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St. Raphael Archangel

St. Raphael Archangel by Lewis Williams, OFS

Artist's Narrative:

Raphael, one of the seven angels that “stand before the Lord,” and with Michael and Gabriel, are the only three Archangels mentioned by name in the bible. Raphael is mentioned by name in only one Book, but the Book of Tobit describes a great story. He appears disguised in human form as an unexpected traveling companion of young Tobias, who, at the request of his blind father Tobit, journeys to collect a debt. In his role as Azarias, Raphael protects the youth through many hazards, including binding the demon Asmodeus. This demon had killed the seven previous husbands of Sarah, each on their wedding night. Tobias weds her safely and returns, with the debt, to his father. At the request of ‘Azarias’, Tobias uses a liniment made from a fish to cure the blindness of his father, and Raphael is revealed as the healing angel. Raphael’s name means, “God has healed.” He is known as the angel of medicine, science and knowledge, and the most sociable of all archangels.

In his role as Patron of Travelers, Raphael is seen in this icon as a special protector of those who travel by air, and those who work in the troubled airline industry. In the wake of the terrorist attacks of September 11, 2001, the airline industry has been reeling in financial woes as many individuals refuse to fly. The memories of that day are vivid in the minds of many who do fly, making travel a fearful endeavor.

In this image, the circles of a mandala surround Raphael. In an icon, a mandala is evidence of the space between heaven and earth. Raphael enters into our earthly realm, offering his strength and support to protect those who fly. He offers reassurance in a time of terror, that we who journey, and those who labor for safe travel, are not alone, and faith, as with Tobias, is a liniment that heals.

His feast day is October 24.

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The name of this archangel (Raphael = "God has healed") does not appear in the Hebrew Scriptures, and in the Septuagint only in the Book of Tobias. Here he first appears disguised in human form as the travelling companion of the younger Tobias, calling himself "Azarias the son of the great Ananias". The story of the adventurous journey during which the protective influence of the angel is shown in many ways including the binding "in the desert of upper Egypt" of the demon who had previously slain seven husbands of Sara, daughter of Raguel, is picturesquely related in Tobit 5-11, to which the reader is referred. After the return and the healing of the blindness of the elder Tobias, Azarias makes himself known as "the angel Raphael, one of the seven, who stand before the Lord" (Tobit 12:15. Cf. Revelation 8:2). Of these seven "archangels" which appear in the angelology of post-Exilic Judaism, only three, Gabriel, Michael and Raphael, are mentioned in the canonical Scriptures. The others, according to the Book of Enoch (cf. xxi) are Uriel, Raguel, Sariel, and Jerahmeel, while from other apocryphal sources we get the variant names Izidkiel, Hanael, and Kepharel instead of the last three in the other list.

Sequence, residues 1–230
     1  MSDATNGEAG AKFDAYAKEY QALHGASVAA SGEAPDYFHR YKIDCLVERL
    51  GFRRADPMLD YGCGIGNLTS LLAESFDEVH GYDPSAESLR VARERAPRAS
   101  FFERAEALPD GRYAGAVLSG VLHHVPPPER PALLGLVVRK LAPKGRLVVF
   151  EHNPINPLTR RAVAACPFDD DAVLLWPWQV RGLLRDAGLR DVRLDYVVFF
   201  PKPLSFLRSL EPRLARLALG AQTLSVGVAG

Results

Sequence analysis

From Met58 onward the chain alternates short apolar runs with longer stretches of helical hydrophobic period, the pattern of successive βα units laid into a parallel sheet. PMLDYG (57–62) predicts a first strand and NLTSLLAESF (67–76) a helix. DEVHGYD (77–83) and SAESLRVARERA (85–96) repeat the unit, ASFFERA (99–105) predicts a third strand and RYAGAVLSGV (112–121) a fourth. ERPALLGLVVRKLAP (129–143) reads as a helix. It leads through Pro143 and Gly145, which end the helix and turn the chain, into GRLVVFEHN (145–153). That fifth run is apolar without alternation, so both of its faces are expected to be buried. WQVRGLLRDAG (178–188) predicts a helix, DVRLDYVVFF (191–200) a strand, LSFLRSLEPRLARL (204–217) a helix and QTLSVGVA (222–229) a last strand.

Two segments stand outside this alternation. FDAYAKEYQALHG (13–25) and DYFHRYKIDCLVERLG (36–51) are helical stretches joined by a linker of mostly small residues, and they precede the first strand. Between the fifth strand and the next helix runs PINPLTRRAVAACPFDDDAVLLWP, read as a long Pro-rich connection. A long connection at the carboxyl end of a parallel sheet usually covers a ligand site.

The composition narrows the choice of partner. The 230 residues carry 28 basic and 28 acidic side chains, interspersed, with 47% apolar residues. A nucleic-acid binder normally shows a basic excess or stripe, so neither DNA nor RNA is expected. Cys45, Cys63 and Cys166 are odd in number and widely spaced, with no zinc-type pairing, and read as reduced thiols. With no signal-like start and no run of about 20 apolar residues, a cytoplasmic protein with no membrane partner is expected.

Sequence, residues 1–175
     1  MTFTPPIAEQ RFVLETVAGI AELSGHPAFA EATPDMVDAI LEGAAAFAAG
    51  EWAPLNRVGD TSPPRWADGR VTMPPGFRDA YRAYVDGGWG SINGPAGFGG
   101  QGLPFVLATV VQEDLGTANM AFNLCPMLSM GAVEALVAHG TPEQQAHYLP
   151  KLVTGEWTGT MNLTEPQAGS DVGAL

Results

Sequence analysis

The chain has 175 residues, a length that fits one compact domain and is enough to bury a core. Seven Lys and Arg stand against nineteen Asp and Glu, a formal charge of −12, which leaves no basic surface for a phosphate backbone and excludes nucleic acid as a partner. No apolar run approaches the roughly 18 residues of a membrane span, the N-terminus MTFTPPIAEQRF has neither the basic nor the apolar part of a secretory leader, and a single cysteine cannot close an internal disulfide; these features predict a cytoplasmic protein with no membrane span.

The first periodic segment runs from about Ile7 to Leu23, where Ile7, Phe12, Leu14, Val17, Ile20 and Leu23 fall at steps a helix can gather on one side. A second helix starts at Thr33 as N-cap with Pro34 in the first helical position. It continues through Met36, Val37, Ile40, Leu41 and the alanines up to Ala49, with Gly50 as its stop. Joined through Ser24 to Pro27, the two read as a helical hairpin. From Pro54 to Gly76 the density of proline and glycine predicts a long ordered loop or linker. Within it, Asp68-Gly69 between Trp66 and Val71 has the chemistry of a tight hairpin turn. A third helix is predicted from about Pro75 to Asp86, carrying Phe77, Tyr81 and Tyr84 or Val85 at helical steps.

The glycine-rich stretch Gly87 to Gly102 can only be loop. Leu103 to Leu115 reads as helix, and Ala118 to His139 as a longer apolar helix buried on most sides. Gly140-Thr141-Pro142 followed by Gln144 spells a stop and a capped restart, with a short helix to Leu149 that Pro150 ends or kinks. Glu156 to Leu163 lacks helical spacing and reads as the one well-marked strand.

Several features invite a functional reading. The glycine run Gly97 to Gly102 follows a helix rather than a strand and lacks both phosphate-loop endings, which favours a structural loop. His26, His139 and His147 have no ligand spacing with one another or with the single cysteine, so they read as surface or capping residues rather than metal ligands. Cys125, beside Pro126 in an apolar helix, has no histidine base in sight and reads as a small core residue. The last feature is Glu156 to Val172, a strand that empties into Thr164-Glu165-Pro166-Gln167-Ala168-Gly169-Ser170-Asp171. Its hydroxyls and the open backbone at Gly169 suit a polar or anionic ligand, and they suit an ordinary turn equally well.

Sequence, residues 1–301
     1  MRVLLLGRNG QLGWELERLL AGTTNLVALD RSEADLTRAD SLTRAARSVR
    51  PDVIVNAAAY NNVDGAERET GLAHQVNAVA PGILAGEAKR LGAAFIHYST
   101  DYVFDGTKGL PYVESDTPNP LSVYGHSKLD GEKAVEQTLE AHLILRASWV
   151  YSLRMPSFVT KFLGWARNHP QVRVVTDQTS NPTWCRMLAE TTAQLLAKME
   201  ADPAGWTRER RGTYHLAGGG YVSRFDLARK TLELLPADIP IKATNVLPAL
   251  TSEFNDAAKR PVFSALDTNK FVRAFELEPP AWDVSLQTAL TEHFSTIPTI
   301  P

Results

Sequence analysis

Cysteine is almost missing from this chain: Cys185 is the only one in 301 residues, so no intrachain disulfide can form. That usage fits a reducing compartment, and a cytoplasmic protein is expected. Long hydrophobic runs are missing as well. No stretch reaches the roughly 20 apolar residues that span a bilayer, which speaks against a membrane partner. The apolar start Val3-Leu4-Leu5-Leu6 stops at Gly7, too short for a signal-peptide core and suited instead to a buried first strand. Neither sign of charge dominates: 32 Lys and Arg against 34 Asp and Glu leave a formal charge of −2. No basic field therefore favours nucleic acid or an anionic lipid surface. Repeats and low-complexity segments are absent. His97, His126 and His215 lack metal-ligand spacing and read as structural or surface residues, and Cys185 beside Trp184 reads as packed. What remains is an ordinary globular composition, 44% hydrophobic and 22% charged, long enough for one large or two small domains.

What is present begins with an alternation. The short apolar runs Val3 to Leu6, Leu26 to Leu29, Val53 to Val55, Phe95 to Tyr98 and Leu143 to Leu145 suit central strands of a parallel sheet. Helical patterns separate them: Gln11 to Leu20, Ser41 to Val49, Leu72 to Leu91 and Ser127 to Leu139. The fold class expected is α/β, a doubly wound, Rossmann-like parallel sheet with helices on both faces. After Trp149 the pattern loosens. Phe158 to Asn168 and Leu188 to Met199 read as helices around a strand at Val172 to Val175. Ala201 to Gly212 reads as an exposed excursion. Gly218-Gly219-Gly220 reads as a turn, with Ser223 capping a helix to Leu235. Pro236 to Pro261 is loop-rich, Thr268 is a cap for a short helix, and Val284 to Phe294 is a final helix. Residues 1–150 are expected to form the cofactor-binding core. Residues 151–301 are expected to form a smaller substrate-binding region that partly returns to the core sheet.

Regarding the functions attributed to Raphael we have little more than his declaration to Tobias (Tobit 12) that when the latter was occupied in his works of mercy and charity, he (Raphael) offered his prayer to the Lord, that he was sent by the Lord to heal him of his blindness and to deliver Sara, his son's wife, from the devil. The Jewish category of the archangels is recognized in the New Testament (1 Thessalonians 4:15; Jude 9), but only Gabriel and Michael are mentioned by name. Many commentators, however, identify Raphael with the "angel of the Lord" mentioned in John 5. This conjecture is based both on the significance of the name and on the healing role attributed to Raphael in the Book of Tobias. The Church assigns the feast of St. Raphael to 24 October. The hymns of the Office recall the healing power of the archangel and his victory over the demon. The lessons of the first Nocturn and the Antiphons of the entire Office are taken from the Book of Tobias, and the lessons of the second and third Nocturns from the works of St. Augustine, viz. for the second Nocturn a sermon on Tobias (sermon I on the fifteenth Sunday), and for the third, a homily on the opening verse of John 5. The Epistle of the Mass is taken from the twelfth chapter of Tobias, and the Gospel from John 5:1-4, referring to the pool called Probatica, where the multitude of the infirm lay awaiting the moving of the water, for "an angel of the Lord descended at certain times into the pond; and the water was moved. And he that went down first into the pond after the motion of the water was made whole of whatsoever infirmity he lay under". Thus the conjecture of the commentators referred to above is confirmed by the official Liturgy of the Church.